You don’t get from today’s fossil fuel emissions to complete carbon neutrality without some radical changes to the energy system. New York will have to cut down quickly on the most significant slice (can we call it a slice given this chart? I lean toward blob) of its energy supply–natural gas–while beefing up its wind and solar blobs dramatically.

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Can New York Achieve Carbon Neutral Electricity By 2040?

All three experts I spoke with agreed on one thing: it’s possible, but it’s going to be take some serious grunt work by people, businesses, and the government.

“It’s very aggressive,” said Cormier. ”2040 is like tomorrow in the energy sector. To put a power plant in Quebec [where Cormier lives] by 2040, people have to start acting right now.” Right now, New York isn’t on pace to hit its old solar capacity goals, let alone the loftier ones outlined in its Green New Deal.

According to Michael Curley, a scholar at the Environmental Law Institute, New York doesn’t have the right incentives in place to convince businesses and households to act on the state’s promises. New York will only reach its goals, he added, if more people and businesses can install energy efficiency and renewable energy projects. To make that happen, “payments need to come down.” When it comes to making options like rooftop solar affordable, “longer terms and lower interest rates make for a powerful one-two punch.”

Curley proposed an interesting plan for New York, suggesting the state draw from its Clean Water State Reserve Fund to fund energy efficiency and renewable energy projects. This wouldn’t be an unprecedented move; the state successfully did so in 2013, which helped it guarantee payments for clean energy projects. If the state can recreate that plan, Curley said, it will be in a better position to meet its goals.

Of course, more renewable energy will also call for more storage technology. Cuomo’s Green New Deal includes plans for 3,000 MW of energy storage by 2030. “I see positive things happening in storage,” said Scott Starr. “Utilities are excited about batteries because they can see the benefits to potential pain points, like handling intermittency or load shifting .” Having utilities on board goes a long way, and recently, some utilities have been taking the lead on solar.

On that positive note, there is room for optimism. Here’s what the three experts had to say about New York’s strengths in its quest for a clean electricity sector:

“What makes New York unique is that they’ve done it before,” said Curley, referring to the state’s clever move in 2013 to collect funds for clean energy. “They’ve done brilliant work, and they can do it again.”

Pascal Cormier pointed to three points he thinks will benefit New York:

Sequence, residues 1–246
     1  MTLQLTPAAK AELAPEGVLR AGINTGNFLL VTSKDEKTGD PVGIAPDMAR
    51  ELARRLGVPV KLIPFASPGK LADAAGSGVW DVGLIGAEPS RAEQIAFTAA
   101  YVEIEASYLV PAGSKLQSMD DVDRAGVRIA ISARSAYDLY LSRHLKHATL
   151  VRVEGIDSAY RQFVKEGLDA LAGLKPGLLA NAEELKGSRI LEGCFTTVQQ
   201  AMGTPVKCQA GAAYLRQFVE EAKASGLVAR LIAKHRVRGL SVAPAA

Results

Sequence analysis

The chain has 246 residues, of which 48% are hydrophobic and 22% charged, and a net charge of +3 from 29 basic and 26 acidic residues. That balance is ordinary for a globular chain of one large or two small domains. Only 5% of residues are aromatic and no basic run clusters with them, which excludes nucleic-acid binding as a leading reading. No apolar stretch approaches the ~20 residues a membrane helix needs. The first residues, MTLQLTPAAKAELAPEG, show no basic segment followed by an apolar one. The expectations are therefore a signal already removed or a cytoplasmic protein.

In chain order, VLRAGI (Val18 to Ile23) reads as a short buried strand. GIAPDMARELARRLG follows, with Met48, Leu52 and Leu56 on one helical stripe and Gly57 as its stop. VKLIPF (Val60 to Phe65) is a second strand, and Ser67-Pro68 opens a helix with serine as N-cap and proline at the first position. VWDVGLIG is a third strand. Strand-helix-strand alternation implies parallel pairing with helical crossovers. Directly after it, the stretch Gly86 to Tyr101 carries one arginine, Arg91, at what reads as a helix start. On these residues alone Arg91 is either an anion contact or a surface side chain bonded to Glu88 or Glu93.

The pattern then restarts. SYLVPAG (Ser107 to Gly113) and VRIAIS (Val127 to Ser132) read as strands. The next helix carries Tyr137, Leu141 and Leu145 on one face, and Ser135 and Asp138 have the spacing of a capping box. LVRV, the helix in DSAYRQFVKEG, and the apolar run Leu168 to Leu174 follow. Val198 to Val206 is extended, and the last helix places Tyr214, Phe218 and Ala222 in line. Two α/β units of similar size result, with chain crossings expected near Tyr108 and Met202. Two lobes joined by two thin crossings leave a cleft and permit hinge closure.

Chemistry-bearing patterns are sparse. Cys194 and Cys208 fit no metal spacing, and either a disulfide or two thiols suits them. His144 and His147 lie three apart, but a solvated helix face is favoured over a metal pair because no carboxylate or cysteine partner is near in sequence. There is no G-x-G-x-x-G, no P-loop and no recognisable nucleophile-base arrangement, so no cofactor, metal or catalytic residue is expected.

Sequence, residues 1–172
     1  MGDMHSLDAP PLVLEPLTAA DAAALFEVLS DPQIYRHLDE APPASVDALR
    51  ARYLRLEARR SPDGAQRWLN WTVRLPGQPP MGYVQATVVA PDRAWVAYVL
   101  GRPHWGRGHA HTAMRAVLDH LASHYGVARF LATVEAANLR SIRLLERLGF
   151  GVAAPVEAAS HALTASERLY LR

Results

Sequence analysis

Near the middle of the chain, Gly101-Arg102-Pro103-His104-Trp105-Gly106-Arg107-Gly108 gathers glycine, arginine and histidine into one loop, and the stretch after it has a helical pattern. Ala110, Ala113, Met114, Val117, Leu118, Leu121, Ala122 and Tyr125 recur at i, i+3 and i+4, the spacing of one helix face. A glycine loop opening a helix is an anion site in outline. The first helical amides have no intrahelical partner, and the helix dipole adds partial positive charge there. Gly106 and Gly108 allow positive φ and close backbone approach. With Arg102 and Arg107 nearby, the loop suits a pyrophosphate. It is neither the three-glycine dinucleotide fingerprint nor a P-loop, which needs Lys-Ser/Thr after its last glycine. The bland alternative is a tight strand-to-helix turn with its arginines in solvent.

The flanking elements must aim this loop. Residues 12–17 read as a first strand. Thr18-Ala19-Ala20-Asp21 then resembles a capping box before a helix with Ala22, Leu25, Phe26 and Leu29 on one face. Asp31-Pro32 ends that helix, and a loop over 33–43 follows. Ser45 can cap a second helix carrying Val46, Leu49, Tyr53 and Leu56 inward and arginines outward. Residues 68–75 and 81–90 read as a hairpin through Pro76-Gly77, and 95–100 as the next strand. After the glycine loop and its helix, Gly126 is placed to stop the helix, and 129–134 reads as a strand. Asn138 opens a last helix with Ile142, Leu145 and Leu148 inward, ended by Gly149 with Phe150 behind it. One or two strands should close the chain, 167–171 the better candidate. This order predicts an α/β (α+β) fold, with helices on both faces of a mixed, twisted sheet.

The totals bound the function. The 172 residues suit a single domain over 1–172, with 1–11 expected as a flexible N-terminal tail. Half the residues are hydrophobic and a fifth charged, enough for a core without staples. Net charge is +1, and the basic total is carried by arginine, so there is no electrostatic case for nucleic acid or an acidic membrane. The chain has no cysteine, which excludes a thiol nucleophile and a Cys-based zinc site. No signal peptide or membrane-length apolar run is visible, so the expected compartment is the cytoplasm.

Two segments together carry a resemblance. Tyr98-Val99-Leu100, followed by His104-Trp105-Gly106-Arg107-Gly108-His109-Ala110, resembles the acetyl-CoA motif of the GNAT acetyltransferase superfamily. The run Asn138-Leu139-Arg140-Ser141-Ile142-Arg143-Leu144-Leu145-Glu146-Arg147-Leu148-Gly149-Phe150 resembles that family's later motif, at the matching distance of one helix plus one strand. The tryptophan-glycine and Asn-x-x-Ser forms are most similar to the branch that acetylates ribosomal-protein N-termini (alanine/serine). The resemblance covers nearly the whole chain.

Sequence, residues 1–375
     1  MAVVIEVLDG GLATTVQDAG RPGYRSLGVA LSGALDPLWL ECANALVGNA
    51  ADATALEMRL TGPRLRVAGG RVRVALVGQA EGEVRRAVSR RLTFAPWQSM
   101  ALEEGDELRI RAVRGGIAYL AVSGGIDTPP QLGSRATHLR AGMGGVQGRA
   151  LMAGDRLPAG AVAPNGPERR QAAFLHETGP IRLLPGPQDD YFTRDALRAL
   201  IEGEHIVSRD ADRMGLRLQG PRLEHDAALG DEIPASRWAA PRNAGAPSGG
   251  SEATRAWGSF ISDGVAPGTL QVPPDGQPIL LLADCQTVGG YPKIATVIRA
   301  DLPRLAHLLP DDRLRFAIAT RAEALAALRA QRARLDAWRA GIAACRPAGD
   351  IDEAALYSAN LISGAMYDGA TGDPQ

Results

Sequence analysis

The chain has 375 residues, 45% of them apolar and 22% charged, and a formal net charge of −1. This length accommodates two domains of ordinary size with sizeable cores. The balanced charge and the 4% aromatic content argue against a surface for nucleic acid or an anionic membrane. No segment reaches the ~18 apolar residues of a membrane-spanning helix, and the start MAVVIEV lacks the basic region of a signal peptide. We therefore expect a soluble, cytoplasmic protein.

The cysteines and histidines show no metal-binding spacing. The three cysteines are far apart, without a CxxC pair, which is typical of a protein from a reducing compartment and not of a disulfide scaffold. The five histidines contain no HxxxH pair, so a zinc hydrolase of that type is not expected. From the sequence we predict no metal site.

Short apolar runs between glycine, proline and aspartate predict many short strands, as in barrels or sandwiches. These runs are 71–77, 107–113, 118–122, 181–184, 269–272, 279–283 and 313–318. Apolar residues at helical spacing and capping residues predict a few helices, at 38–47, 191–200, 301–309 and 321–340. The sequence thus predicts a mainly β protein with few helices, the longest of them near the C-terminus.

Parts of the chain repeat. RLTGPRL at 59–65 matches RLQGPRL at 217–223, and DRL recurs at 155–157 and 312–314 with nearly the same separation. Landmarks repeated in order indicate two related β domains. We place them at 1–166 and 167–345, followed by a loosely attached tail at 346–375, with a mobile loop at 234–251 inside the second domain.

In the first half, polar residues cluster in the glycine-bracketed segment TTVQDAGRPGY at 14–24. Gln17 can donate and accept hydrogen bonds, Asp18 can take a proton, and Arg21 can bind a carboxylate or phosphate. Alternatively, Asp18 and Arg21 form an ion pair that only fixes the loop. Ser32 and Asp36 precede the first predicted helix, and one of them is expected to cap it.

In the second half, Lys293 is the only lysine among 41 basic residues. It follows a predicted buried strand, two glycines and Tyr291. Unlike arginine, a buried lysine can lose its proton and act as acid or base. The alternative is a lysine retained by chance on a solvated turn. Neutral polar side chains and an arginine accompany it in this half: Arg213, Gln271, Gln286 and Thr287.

First, the state can replace native natural gas generation by importing hydropower from nearby areas (it already imports some electricity from Canada, which has plenty of hydropower). Second, solar panel costs are coming down incredibly quickly–at this rate, the price of distributed solar could fall enough to totally change the horizon for renewables.

Third, New York has crazy high electricity prices (some of the highest in America). Makes other energy sources seem more attractive, doesn’t it?

Scott Starr was quick to point out that New York already has a strong start and experience with solar. “The state has a good base of over a gigawatt and a half of solar installed, and they earned that. They know how to deliver grants and process applications, they understand project maturity, and have experience running stakeholder processes and input. That learning is really valuable and can push them ahead rapidly.”

What Needs To Happen

Like we’ve outlined before, clean energy and carbon neutrality commitments are necessary to fight climate change, but they aren’t sufficient.

Having the target gets the ball rolling. It shows New Yorkers that their Governor is committed to their future. “I think of clean energy targets like that horseshoe game, where if you put the horseshoe too close it’s not fun, and if you put it too far it’s demoralizing,” said Starr. “So the goal is to make the goal ambitious but achievable.”

Well, there’s no doubt New York’s commitment is ambitious. To make it achievable, the state will need to get rid of barriers that are slowing down the construction of renewable energy across the state. That means:

The common thread? None of these things will happen unless people come to the table and demonstrate that New Yorkers demand renewable energy. Make your voice heard!